Determining what curriculum to use is an important decision for any church. The ramifications of what is selected have a direct impact on the scope and sequence of the Bible teaching at your church. It also has implications for students, teachers, and families. Nearly every church uses some type of curriculum, whether it’s purchased, borrowed, or self-created. In our times, the multitude of options can be a blessing and quite a challenge.
The purpose of this article is to provide tested guidelines to give assistance in making an objective decision about which curriculum to use. These procedures and standards can be applied to the choice of any type of curriculum for any age level. A God-honoring curriculum that meets the needs of your teachers, students, and parents can be the result of a careful, objective evaluation.
BEFORE YOU EVALUATE
As with so many things, how you start and what questions you ask will greatly determine your conclusions.
As you begin the process of evaluating, prayerfully consider forming an evaluation committee (EC). This might be an existing Christian education committee, a children’s ministry leadership team or a special group specifically created for the task. The committee needs to have a chairperson who will not necessarily do any evaluating, but will coordinate the work of the committee. You may also want to have an elder or someone from the governing board of your church as a member. This committee then assumes the responsibility of making curriculum choices or recommendations to those who will make the ultimate decision.
There is another common approach when determining who selects the curriculum. Oftentimes, the responsibility of deciding on a curriculum falls to one or two individuals. They may make these decisions by virtue of their job description or by being appointed. If this is the case, they should also follow the guidelines in this article.
The EC/individual(s) need to pray regularly for this important task and work to communicate with the pastor, elders, children’s ministry director, teachers, and parents.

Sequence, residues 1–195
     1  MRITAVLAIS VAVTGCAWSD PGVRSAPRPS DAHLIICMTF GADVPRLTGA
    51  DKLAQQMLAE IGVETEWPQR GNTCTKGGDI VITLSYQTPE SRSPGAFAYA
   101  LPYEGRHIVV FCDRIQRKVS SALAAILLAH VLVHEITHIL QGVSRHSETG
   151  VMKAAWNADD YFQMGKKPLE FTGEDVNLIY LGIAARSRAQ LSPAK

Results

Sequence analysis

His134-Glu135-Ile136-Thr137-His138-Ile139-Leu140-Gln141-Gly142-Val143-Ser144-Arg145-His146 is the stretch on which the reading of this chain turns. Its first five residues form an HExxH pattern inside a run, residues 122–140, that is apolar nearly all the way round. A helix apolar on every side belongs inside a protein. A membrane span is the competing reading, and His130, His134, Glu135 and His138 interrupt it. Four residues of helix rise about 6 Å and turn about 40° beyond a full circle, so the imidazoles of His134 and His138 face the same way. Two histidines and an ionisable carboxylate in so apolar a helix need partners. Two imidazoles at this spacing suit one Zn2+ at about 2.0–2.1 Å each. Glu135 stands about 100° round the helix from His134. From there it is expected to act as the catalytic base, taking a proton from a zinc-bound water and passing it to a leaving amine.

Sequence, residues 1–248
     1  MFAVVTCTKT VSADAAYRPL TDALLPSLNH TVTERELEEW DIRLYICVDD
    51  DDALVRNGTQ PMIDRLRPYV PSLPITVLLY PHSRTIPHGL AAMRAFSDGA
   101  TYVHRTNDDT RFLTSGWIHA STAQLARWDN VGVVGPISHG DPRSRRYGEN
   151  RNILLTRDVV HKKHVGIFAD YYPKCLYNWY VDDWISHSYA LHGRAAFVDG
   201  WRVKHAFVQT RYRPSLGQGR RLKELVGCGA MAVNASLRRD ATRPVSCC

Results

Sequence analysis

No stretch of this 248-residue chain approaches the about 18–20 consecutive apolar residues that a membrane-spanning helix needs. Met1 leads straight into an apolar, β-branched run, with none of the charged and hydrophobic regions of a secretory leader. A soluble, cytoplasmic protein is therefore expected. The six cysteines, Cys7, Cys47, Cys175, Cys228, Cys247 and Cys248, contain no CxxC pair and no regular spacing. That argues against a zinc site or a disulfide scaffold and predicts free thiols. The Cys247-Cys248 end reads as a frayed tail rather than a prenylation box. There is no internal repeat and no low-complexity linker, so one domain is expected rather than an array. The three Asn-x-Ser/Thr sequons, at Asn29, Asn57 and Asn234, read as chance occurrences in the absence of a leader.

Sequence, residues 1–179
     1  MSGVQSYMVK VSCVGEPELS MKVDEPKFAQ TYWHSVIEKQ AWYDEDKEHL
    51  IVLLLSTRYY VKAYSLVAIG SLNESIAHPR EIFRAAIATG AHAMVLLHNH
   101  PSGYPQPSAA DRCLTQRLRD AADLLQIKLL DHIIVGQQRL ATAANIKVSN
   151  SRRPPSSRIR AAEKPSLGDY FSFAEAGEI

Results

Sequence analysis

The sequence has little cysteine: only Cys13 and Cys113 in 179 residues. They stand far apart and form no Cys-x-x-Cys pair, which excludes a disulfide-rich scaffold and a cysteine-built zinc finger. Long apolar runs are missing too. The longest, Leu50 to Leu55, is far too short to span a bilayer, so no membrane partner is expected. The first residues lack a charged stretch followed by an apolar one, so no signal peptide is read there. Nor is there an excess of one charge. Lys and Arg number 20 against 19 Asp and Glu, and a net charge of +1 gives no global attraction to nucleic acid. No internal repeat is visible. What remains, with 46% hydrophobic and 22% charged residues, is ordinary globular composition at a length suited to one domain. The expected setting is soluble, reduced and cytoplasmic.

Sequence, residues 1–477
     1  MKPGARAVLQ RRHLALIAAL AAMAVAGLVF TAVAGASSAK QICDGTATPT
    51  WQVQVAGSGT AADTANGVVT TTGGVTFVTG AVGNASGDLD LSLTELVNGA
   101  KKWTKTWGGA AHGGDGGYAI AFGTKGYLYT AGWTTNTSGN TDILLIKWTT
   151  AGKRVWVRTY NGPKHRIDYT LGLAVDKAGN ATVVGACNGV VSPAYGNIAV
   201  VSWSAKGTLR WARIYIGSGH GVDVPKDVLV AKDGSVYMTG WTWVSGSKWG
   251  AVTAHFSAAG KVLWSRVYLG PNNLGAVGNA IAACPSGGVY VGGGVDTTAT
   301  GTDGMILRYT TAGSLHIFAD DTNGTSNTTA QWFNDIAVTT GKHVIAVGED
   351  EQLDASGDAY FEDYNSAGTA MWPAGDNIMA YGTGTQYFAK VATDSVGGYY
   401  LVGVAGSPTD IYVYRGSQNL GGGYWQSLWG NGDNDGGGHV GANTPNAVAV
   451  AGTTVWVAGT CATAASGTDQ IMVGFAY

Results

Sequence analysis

The committee/individuals needs to establish the criteria and the rating system to be used in the evaluation. Determining the standards by which you are going to evaluate prior to beginning the task will greatly aid in being objective.
Be cautious of the common pitfall of subjectivity in your decision-making. Many churches choose a curriculum because they want to be like the big name church with the well-known pastor. Or, they want to write their own materials without evaluating what they are doing by any objective criteria.
The best way to get started developing an evaluation guide is to look at the free guide available from Great Commission Publications (www.gcp.org). You are welcome to download it. Because there is no copyright for the guide, you can adapt it as you see fit.
An important duty of the EC/individuals is to narrow the number of curriculums to be evaluated to three or four. Trying to evaluate more than this can overwhelm the committee with too much detail and take a very long time. This can be done by referrals from trusted sources, the knowledge of the committee members, or affiliation with a denomination. Be certain to get complete samples of all the age-levels of curriculum being evaluated. This means having all the teaching resources and all the student materials. Samples or internet downloads are not sufficient for this type of objective evaluation. Using incomplete samples will lead to faulty conclusions. Three to six months is usually sufficient time to complete the evaluation process.
THE EVALUATION PROCESS